A separable quasi 2-D spectral estimation algorithm is presented. This hybrid algorithm combines the 1-D minimum free-energy method with the 1-D periodogram. The algorithm reduces to the corresponding maximum entropy hybrid spectral estimator in some cases. The minimum free-energy hybrid algorithm is preferable to the maximum entropy version when the estimated autocorrelation sequence is not extendable or when the signal-to-noise ratio is low. A simulation helps illustrate this point
Simplified linear versions of the nonlinear minimum free energy (MFE) noise suppression algorithms are introduced. The LMFE algorithms result from the addition of a smoothness penalty function to the linear prediction cost function. The autoregressive (AR) parameters are chosen commensurate with a global minimum of the modified cost function. It is shown that this constrained optimization procedure reduces to a form of matrix regularization. The LMFE algorithms are calculable in real time as they require a negligible increase in complexity over the conventional autoregressive algorithms, including fast computational versions thereof. Linear MFE extensions are applicable to all conventional AR algorithms, and should in each case substantially increase the useful SNR range of these algorithms. Simulation results illustrating the single snapshot performance of these algorithms are given for both narrowband sources and combinations of narrowband and broadband sources subjected to various levels of Gaussian white noise
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The frequency-estimation performance of the forward-backward linear prediction (FBLP) method of Nuttall/Uhych and Clayton, is significantly improved for short data records and low signal-to-noise ratio (SNR) by using information about the rank M of the signal correlation matrix. A source for the improvement is an implied replacement of the usual estimated correlation matrix by a least squares approximation matrix having the lower rank M. A second, related cause for the improvement is an increase in the order of the prediction filter beyond conventional limits. Computationally, the recommended signal processing is the same as for the FBLP method, except that the vector of prediction coefficients is formed from a linear combination of the M principal eigenvectors of the estimated correlation matrix. Alternatively, singular value decomposition can be used in the implementation. In one special case, which we call the Kumaresan-Prony (KP) case, the new prediction coefficients can be calculated in a very simple way. Philosophically, the improvement can be considered to result from a preliminary estimation of the explainable, predictable components of the data, rather than attempting to explain all of the observed data by linear prediction.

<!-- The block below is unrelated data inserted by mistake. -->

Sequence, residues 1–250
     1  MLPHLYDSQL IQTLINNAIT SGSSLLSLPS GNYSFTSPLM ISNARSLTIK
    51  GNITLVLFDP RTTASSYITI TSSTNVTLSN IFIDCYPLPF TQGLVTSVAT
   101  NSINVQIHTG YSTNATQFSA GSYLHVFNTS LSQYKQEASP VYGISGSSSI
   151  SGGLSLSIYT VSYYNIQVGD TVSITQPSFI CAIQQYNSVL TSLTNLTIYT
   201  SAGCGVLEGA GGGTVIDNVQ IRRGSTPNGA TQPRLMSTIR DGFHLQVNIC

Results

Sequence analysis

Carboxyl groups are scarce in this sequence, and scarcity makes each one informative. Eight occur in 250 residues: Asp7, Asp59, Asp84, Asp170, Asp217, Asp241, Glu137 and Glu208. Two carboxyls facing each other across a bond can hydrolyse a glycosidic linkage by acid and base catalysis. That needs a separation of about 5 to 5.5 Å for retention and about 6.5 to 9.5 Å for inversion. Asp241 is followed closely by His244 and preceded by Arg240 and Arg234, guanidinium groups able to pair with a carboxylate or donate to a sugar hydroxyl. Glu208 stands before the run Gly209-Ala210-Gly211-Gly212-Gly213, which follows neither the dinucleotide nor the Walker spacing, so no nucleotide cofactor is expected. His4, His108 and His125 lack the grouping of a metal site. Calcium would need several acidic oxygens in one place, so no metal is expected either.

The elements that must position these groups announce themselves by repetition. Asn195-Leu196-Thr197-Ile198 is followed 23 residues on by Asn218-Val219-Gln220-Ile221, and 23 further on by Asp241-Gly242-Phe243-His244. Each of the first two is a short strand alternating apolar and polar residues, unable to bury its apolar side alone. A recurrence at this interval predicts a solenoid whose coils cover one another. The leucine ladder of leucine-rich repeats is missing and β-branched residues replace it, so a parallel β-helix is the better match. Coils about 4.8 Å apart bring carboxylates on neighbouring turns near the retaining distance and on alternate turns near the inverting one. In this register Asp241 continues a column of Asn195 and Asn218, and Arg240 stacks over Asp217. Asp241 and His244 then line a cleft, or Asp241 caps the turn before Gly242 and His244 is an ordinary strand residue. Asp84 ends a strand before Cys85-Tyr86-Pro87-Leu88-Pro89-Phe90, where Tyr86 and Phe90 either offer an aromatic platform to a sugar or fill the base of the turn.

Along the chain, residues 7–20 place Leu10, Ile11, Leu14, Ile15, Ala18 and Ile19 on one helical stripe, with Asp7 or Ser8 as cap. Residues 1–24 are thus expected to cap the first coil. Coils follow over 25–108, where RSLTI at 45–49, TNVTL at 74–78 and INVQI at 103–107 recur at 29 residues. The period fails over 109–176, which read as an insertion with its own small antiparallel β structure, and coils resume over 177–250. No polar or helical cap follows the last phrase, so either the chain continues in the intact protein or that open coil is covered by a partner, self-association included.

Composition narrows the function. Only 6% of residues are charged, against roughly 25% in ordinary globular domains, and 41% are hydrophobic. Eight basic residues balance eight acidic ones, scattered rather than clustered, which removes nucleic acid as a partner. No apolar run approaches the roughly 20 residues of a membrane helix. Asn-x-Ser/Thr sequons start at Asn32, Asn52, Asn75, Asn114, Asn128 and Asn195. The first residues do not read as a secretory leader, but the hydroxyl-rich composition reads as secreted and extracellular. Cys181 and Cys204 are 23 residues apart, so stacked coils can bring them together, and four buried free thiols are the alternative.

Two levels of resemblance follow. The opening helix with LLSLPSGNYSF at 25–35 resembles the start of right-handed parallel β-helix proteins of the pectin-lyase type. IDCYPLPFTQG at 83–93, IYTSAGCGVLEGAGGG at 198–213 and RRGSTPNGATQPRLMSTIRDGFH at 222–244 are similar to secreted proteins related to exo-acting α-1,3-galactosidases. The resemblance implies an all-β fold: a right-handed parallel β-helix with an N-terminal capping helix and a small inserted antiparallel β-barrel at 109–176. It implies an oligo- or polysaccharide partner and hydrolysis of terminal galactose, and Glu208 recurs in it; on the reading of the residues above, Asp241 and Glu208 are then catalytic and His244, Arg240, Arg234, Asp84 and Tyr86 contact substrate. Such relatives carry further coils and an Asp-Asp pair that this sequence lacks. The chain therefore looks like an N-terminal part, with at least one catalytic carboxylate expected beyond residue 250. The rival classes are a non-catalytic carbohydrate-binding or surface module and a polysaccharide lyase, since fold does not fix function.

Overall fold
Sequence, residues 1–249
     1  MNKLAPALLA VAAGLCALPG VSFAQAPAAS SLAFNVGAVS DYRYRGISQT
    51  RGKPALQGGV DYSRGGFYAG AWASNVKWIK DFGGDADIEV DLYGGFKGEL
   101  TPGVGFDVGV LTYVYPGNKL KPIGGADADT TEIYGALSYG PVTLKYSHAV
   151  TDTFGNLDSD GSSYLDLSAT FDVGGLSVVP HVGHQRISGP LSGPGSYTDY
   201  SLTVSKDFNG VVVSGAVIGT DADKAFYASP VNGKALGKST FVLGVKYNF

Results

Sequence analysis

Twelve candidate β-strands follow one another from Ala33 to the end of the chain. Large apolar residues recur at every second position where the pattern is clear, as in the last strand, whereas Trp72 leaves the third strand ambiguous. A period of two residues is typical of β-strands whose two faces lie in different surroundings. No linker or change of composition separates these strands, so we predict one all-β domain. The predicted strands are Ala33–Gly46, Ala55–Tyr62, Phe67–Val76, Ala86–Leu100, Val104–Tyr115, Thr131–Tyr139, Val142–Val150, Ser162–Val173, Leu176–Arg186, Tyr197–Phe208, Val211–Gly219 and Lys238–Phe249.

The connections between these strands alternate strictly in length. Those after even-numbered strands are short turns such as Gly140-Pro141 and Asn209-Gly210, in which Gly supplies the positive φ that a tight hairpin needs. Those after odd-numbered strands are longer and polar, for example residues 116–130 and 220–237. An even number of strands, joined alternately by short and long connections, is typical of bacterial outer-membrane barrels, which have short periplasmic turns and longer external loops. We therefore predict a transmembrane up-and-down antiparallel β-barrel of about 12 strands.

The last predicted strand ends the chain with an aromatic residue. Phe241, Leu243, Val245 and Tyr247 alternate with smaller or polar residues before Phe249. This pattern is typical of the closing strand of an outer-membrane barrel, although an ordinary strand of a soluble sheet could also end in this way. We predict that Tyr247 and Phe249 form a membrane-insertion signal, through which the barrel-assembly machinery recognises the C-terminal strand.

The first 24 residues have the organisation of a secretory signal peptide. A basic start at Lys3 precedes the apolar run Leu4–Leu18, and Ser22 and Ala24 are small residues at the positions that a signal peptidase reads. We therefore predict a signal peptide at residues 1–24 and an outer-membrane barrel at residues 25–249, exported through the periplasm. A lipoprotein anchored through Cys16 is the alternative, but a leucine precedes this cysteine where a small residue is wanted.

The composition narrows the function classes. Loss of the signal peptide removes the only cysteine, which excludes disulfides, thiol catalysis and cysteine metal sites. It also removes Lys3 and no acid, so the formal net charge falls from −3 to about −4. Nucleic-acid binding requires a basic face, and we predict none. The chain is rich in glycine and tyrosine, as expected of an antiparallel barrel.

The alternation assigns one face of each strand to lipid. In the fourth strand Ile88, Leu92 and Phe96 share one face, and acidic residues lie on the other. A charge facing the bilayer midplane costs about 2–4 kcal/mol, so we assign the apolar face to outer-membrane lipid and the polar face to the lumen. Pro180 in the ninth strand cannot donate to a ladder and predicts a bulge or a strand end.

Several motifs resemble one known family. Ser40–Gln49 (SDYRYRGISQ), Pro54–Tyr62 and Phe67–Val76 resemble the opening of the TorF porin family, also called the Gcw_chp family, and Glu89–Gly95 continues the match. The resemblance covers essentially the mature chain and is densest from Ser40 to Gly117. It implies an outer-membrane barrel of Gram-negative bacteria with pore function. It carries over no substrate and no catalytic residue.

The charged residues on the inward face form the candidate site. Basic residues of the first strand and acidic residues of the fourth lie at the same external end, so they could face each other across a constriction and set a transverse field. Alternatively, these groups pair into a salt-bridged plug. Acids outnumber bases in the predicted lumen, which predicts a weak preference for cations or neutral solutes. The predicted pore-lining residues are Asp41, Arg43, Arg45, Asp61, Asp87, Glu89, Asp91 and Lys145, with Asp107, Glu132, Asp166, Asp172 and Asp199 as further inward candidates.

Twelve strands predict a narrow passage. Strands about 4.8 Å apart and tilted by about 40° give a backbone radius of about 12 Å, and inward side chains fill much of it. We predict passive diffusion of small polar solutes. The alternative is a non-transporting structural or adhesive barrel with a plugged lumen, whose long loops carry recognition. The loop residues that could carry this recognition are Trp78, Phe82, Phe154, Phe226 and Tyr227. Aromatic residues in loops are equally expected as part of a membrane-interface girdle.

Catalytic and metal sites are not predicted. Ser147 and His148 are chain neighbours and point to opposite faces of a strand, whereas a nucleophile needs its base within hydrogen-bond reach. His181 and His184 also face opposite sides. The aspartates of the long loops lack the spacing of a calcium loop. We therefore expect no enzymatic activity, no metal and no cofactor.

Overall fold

Estimation of Frequencies of Multiple Sinusoids: Making Linear Prediction Perform Like Max-imum Likelihood A New Analysis technique for Time series dah Modern Specfral Esrimiion: lheory & Applica-lion
  • D W Tufts
  • R Kumaresan
  • J P Burg
Tufts, D.W.. and R. Kumaresan. "Estimation of Frequencies of Multiple Sinusoids: Making Linear Prediction Perform Like Max-imum Likelihood", Proc. IEEE. vol. 70, pp. 975-989, Sept. 1982 Burg, J.P., " A New Analysis technique for Time series dah," Proc. NAlO Advanced Sfdies Inairuie on Signal Proc., Enschede, Thc Nctherlands, 1968. Cf. Kay, S.M. Modern Specfral Esrimiion: lheory & Applica-lion. Prentice Hall. New Jersey, 1987; Marple, S.L,,Jr., Digiral Specfral Analysis, Prentice Hall. New Jersey. 1987. I41 [51